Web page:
Avalonia Author Interviews
( December 2004 : KW indicates answers by Kate West , Q indicates question posed by Sorita)
Q: The Real Witches Handbook has been a favourite of visitors to Avalonia for quite a few years now. What inspired you to write this book?
KW: Although Born in Albion (my first book) was well received, there was much about it that I wasn’t really satisfied with. It felt far too much like an introduction to just one kind of coven work rather than really a guide to the Craft. But the real impetus came from an email I received from friends in New Zealand. They wrote asking if we could recommend a book for their teenage children who were beginning to show an interest in the Craft. They weren’t seeking something which talked down or diluted the Craft, but rather something straightforward in plain English. Knowing of nothing like that myself, I set out to write it, although not just for young people, for all new Witches.
Interestingly, rumour got out that I was writing a book intended for teenagers, and before I had even finished the manuscript it received a ‘review’ in a well known Witchcraft journal slating it (and myself) for trying to open the Craft up to under 18’s! It just goes to show how much has changed in the last few years.
Q : You have written many books over the years, which do you consider to be your most important contribution? (Why?)
KW: Actually I would be hard to put to select one book over any of the others, I hope that they all have a contribution to make to the Craft. I have tried to approach the Craft from different directions to show that it is not something separate from daily life, whatever your interests. I feel strongly that it should be a part of life, not apart from it. Hence the ‘Real Witches’ title; it’s not that I feel my Craft is any more real than anyone else’s, but that it is there for real people with all the problems, worries and concerns of everyday real life.
Q: You often give lectures and workshops at conferences such as Witchfest, and have done a lot of work with the media on behalf of witchcraft over the years, do you believe that by being open about your beliefs and practises you will help change the way that the public perceive witches?
KW: Until you asked I can’t say I’ve really considered whether speaking at conferences and working with the media were in any way connected, but now I come to think of it I guess that they are two aspects of the same thing.
My involvement with the media started because I, like a lot of other people, was fed up with the way one or two others were purporting to speak for ‘all Witches’, and were showing us as a distinctly weird group who were not to be taken seriously. I continued because I could actually see the benefits in terms of the way the media and the public think of us. In less than 10 years we have come a long way; these days the questions are not so much about devil worship, sacrificing babies and/or virgins, but more often about our beliefs and practices.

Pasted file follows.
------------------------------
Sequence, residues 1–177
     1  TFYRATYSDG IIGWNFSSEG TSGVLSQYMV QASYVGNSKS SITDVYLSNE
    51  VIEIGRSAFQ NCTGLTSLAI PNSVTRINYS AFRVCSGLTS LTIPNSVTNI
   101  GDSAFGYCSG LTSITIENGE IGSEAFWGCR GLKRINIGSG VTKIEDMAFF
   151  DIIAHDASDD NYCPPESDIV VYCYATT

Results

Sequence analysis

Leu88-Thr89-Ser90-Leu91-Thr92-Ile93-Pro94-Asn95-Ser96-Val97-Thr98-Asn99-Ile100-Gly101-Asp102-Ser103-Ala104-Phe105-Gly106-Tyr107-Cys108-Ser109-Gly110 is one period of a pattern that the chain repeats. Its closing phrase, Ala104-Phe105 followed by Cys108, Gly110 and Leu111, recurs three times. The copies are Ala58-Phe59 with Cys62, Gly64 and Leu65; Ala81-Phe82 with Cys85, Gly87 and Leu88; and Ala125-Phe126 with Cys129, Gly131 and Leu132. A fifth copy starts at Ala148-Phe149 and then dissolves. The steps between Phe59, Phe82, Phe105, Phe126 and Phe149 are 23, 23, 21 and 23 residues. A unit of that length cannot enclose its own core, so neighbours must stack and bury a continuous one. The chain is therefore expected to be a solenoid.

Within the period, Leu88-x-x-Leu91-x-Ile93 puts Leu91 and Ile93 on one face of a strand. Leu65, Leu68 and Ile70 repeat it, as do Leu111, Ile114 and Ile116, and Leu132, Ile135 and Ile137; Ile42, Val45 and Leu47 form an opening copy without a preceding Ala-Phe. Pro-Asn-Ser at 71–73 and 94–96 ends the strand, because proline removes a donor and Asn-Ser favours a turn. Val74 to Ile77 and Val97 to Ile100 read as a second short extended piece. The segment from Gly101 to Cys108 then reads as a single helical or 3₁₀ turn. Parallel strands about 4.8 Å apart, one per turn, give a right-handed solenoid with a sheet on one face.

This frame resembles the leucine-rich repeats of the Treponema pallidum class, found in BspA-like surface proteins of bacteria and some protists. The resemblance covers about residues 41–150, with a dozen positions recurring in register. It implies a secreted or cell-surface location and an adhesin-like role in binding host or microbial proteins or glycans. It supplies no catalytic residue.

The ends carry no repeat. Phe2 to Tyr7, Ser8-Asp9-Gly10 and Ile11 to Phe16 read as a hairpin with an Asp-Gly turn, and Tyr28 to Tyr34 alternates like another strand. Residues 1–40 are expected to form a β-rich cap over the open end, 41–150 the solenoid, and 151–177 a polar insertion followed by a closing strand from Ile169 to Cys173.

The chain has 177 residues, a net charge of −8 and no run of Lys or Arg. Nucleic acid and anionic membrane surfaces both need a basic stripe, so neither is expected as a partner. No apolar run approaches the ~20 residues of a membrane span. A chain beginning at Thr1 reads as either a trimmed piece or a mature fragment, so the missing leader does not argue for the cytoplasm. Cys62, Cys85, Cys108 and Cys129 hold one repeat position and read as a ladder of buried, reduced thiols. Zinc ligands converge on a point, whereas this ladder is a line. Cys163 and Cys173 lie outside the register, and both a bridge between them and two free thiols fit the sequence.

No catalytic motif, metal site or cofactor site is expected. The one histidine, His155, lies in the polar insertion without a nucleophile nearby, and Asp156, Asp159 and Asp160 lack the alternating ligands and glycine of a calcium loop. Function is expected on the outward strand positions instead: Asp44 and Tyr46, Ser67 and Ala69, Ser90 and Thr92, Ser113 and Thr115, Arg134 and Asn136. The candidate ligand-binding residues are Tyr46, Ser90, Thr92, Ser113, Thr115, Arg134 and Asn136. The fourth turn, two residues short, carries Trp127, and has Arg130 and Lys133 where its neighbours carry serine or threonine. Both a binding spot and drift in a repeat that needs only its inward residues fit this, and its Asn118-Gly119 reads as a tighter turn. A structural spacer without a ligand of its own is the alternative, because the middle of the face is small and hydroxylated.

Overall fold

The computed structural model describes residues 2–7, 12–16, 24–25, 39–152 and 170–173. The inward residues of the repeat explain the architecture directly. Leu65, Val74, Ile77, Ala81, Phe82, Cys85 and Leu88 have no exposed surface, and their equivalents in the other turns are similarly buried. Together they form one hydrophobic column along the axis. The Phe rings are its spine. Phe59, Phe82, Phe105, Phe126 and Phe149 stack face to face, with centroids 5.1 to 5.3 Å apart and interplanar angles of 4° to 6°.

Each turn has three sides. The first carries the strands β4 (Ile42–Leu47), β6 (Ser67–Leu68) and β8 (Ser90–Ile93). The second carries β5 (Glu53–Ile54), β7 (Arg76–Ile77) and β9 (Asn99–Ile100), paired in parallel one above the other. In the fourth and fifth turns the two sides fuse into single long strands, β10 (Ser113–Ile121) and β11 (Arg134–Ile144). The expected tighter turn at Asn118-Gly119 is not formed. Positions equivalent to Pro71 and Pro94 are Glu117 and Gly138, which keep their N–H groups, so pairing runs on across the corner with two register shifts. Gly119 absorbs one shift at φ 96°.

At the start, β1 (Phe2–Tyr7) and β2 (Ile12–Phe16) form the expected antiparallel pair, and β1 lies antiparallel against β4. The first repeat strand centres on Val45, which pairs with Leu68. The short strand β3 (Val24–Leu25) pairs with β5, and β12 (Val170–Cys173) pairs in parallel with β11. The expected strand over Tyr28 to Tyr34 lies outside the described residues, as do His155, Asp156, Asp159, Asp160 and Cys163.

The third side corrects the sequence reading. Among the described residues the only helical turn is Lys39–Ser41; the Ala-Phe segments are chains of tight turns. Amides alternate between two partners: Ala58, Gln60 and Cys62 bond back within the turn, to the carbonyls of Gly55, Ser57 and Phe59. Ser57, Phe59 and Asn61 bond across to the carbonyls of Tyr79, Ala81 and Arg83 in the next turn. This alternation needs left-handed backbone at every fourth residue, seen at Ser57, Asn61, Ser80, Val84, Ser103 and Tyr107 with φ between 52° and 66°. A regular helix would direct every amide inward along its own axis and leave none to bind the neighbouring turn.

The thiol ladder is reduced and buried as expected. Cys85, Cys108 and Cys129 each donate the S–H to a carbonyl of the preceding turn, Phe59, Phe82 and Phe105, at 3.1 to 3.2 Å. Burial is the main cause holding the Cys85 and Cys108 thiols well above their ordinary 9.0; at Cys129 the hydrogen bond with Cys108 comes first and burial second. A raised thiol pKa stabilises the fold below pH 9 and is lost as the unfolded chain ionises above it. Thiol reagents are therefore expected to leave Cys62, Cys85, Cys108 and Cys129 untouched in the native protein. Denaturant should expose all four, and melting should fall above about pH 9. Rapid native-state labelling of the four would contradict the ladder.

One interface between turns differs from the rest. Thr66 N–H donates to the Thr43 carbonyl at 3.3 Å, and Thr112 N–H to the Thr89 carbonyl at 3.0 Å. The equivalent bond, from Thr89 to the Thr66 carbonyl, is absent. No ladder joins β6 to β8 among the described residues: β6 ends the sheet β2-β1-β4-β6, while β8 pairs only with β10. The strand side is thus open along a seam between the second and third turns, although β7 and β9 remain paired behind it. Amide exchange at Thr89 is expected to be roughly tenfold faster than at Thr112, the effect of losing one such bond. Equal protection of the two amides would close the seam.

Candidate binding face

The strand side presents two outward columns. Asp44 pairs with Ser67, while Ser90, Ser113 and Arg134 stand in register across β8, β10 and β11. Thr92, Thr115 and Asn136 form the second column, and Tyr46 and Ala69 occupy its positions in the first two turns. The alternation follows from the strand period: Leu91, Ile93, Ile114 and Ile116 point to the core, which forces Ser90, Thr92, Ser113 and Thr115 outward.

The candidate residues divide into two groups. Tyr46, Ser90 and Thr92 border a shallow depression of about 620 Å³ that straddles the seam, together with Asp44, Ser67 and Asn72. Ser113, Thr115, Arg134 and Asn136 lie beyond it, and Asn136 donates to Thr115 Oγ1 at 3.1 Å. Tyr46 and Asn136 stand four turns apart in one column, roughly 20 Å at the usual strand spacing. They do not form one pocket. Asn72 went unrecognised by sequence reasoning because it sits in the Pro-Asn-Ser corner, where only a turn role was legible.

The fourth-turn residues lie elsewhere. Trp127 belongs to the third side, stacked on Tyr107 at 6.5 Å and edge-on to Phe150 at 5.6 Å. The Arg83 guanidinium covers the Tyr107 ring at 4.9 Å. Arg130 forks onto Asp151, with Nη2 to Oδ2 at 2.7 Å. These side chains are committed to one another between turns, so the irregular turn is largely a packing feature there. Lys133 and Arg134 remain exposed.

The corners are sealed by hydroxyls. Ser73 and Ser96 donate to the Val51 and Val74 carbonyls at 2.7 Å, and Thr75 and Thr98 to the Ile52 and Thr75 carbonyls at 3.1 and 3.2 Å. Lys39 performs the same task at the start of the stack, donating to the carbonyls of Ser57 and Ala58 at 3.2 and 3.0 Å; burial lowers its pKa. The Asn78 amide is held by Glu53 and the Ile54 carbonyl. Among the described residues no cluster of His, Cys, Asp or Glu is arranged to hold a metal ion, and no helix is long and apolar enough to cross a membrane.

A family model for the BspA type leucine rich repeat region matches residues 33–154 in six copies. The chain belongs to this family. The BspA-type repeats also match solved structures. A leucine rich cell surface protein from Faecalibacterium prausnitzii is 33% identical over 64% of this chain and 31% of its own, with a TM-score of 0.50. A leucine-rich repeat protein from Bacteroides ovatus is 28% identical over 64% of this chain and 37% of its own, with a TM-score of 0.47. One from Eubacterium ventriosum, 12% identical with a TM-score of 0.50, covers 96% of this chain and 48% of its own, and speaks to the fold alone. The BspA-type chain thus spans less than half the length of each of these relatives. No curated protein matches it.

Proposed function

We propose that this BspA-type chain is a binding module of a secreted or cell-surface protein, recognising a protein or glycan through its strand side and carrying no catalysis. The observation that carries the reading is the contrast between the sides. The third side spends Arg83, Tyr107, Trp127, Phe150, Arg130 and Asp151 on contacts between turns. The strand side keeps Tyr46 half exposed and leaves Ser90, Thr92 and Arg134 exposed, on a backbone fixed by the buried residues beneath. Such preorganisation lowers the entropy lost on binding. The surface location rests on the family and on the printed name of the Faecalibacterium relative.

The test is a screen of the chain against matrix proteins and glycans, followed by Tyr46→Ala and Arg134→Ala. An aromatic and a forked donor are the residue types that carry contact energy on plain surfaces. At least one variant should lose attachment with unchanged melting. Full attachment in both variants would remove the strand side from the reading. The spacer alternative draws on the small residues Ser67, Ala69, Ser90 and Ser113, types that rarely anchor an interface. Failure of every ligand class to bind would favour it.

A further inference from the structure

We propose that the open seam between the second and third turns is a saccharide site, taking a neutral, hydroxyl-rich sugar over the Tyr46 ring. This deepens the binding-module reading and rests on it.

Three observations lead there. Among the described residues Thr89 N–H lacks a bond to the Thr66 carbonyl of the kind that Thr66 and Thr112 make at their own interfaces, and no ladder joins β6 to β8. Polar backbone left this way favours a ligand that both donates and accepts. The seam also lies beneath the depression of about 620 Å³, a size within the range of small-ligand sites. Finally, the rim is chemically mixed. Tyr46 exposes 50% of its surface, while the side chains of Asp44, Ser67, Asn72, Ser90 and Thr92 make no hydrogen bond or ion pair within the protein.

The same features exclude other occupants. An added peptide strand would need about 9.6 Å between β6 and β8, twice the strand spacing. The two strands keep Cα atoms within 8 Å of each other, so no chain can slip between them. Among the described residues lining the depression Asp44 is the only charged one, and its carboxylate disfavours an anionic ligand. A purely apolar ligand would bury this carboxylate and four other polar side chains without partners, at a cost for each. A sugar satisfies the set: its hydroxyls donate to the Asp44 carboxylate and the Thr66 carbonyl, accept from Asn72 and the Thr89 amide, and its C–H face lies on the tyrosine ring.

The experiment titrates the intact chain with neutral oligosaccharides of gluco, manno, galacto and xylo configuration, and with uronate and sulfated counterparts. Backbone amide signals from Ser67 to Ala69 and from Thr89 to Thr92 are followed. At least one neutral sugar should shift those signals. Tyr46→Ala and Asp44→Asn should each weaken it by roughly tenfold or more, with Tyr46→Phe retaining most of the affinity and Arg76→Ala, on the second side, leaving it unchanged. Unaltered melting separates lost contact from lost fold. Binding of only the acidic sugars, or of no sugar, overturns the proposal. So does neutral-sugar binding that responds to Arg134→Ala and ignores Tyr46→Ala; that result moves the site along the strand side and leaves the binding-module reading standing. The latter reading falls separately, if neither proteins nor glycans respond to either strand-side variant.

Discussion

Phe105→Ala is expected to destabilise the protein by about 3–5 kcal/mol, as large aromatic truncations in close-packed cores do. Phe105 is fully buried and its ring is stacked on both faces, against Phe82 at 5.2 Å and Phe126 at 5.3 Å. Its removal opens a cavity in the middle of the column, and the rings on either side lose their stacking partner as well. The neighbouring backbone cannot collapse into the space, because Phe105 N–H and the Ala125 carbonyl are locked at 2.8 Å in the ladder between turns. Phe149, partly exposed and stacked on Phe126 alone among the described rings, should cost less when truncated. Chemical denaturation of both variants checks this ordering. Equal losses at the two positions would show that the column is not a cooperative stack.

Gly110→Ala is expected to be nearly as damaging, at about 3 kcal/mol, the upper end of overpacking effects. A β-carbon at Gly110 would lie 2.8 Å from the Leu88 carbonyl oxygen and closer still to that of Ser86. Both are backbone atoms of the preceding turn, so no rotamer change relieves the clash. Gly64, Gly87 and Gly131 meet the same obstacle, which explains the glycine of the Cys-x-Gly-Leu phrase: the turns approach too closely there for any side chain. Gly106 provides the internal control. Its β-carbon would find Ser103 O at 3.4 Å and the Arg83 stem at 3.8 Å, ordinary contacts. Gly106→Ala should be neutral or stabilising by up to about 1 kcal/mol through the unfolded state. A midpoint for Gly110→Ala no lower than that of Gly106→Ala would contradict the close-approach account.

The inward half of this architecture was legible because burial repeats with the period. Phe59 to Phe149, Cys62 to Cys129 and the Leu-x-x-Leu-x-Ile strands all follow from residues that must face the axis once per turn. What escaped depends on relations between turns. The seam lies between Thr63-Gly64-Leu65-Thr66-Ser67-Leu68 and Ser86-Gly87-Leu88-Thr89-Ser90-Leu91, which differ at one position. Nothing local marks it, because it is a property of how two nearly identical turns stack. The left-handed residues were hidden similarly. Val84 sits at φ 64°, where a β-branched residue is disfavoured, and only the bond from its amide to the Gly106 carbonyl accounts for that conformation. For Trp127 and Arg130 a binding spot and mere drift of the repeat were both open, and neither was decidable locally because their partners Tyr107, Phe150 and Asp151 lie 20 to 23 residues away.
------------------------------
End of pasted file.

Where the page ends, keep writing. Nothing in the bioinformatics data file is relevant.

I guess it was partly because of the media work that I was asked to be a speaker and to do workshops. My first few times were to quite small groups so it felt more like talking to a coven than to an audience. Of course these days the groups are usually somewhat larger than any coven would be! I must confess I enjoy it, it gives me a very real sense of pleasure to see how our Craft has grown and developed. No longer is the Craft seen as something to be hidden away, no longer is it seen as the preserve of a ‘favoured few’. So yes, I do feel it is important to be open (for those who can) so that we can be accepted for what we are, rather than feared for what we might be.
Q: Elements of Chants have just been released, what inspired the album and will there be more such offerings from you in future? (This CD is available from Mandrake Press )
KW: Elements of Chants was a long time in the gestation, getting on for 10 years! It was originally conceived as a way of teaching chants to group members, as our coven was growing and we sometimes seemed to be for ever covering the same ground for newcomers. It became more pressing when I was asked to do rituals at Witchfest and found that I would be doing them with people who lived a long way apart, sometimes in different countries, and we had little or no time for rehearsal! It all came together this year and, thanks to the enthusiasm of one of our group, we finally got it done. Someday I’ll tell the full story of just how it came into being – it’s quite a tale!! Given the way Elements has been so well received I expect we will do another album in due course. But before that we hope to do some pathworking CDs, and possibly one with a full Ritual.
Q: Your long time partner Steve, is a member of the Pagan band “Legend” – any plans for reforming and doing any concerts in the near future?
KW: Steve does have plans for at least one more Legend performance, probably at a future Witchfest International, and it will be spectacular! There will probably be one more album to go with it. A lot depends on the other band members, they’ve all gone separate ways and the difficulty is scheduling the time to get them all back together.
Q: As a High Priestess, what is the best advice you can give someone who wants to learn how to be a witch?
KW: As a High Priestess or, more relevantly, as a Witch who has been around for quite a while, I always advise those who are interested in the Craft to; read and think about what you read, to listen and to think about what you hear, to ask questions and to listen and think about the answers. Above all, to listen to your inner voice, the one which you know can tell you what is really right for you. Then to get on with it! No amount of reading, or listening, is a substitute for actually practising the Craft and learning from what you do.
Oh! And when in doubt, try asking the Goddess!!